American Association of Advertising Agencies White Paper: “Best Practice Guidance: Ownership of Agency Ideas, Plans and Work Developed During the New Business Procedure.”
Ad Age coverage of white paper here.
Satellite TV provider DirecTV ran two types of ads. One was targeted at local markets and made claims regarding the availability of that market’s football team’s games on DirecTV and the alleged unavailability thereof on satellite. The other made claims as to the superiority of DirecTV’s high definition signal over cable (see the Star Trek version above). Time Warner protested and DirecTV agreed to stop making certain claims. It then, In Time Warner’s view, continued to make those claims in new commercials. Time Warner has now filed a complaint in the Southern District of New York against DirecTV alleging false advertising and breach of contract.
One aspect of the case will turn on the phrase “. . . for picture quality that beats cable . . .” which Time Warner alleges refers to its own HDTV signal and not its conventional cable signal. As providers’ HDTV signals are apparently equivalent in quality, TW is in the unfortunate position where to prove its case, it must emphasize the fungibility of the quality of its HD service.
The complaint was too large to upload – if you want a copy, email me.
I confess that I have used the expression “Whachoo talkin’ about Willis?” without ever having seen a single episode of “Diff’rent Strokes” (nor have I ever spelled ‘different’ as ‘diff’rent’) but I am aware where the phrase comes from.
Noted authority TV Land, is coming out with a special “The 100 Top TV Catchphrases.” Purists will be annoyed that they have combined lines from comercials (“I Can’t Believe I Ate The Whole Thing”), political expressions (“Read My Lips”), one time memorable lines (“I Don’t Like Spunk”) and what I would regard as true catchphrases, repeated phrases (“Aaay” or “D’oh!”).
Ironists will note that Hank Kingsley’s “Hey Now!” is on the list, as it is a parody of a catchphrase.
Moralists will note that two catchphrases on the list end in ‘Bitch!’, including Dave Chapelles’ ‘I’m Rick James, Bitch!”, which, coincidentally, is how our firm signs its demand letters.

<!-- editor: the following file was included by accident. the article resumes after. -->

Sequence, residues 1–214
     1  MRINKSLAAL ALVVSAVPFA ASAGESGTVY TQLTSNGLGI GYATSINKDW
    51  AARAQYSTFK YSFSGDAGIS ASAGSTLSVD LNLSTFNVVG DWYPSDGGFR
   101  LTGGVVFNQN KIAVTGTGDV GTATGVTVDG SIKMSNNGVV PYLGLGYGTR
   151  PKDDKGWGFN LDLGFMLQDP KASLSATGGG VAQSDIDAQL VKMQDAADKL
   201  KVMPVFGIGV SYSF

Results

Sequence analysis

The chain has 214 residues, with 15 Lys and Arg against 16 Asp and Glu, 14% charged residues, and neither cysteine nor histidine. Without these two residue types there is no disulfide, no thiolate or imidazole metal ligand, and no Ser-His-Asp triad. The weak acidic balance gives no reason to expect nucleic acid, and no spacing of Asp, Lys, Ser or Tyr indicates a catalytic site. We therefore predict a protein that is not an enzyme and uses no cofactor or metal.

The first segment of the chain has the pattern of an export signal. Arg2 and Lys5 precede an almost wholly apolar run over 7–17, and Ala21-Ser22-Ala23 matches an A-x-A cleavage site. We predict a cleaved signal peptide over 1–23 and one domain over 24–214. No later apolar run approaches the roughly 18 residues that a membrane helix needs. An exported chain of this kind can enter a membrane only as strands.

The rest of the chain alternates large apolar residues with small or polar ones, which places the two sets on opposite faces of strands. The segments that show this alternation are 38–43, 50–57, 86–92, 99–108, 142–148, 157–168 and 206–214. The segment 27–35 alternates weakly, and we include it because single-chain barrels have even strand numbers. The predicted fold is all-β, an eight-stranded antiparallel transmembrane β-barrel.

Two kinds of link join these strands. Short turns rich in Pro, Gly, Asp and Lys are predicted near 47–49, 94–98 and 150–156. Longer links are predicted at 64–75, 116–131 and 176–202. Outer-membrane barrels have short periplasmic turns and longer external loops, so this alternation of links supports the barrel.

At least one phrase is the subject of an IP case, ‘Here’s Johnny!’ Carson v. Here’s Johnny Portable Toilets, Inc., 698 F.2d 831 (6th Cir. 1983), which went off on rights of publicity. I’m sure there are more cases – please email me.
The question arises – if a catchphrase enters the lexicon, does that diminish or enhance its protectability? Does ‘Where’s The Beef?” signify Wendy’s, or Walter Mondale, or does it have it’s own significance at this point?
Note the trilogy above: does Homer’s parody refer to Johnny Carson, or to Jack Nicholson, or to both?
Here’s Johnny by Stephen Cox available here.
Here’s Johnny by Ed McMahon available here.
Digg.com is a news-site that uses ‘social bookmarking.’ Readers submit third-party stories and the most popular stories are displayed on the home page. According to this article, one of the most popular posts last week was a laudatory story about a company named InventionLand, an inventor-submission firm (every patent lawyer in the audience just groaned). If you’re familiar with that genre, you are not surprised when I tell you that it is now claimed that the high placement of the article on Digg was due to a form of ‘spamming,’ in this case a concerted attempt by someone to deliberately promote the company.
People try to ‘game’ the algorithms of web services all the time. Word-stuffing, link farms, splogs and Digg-spamming are attempts to manipulate the results of various web processes.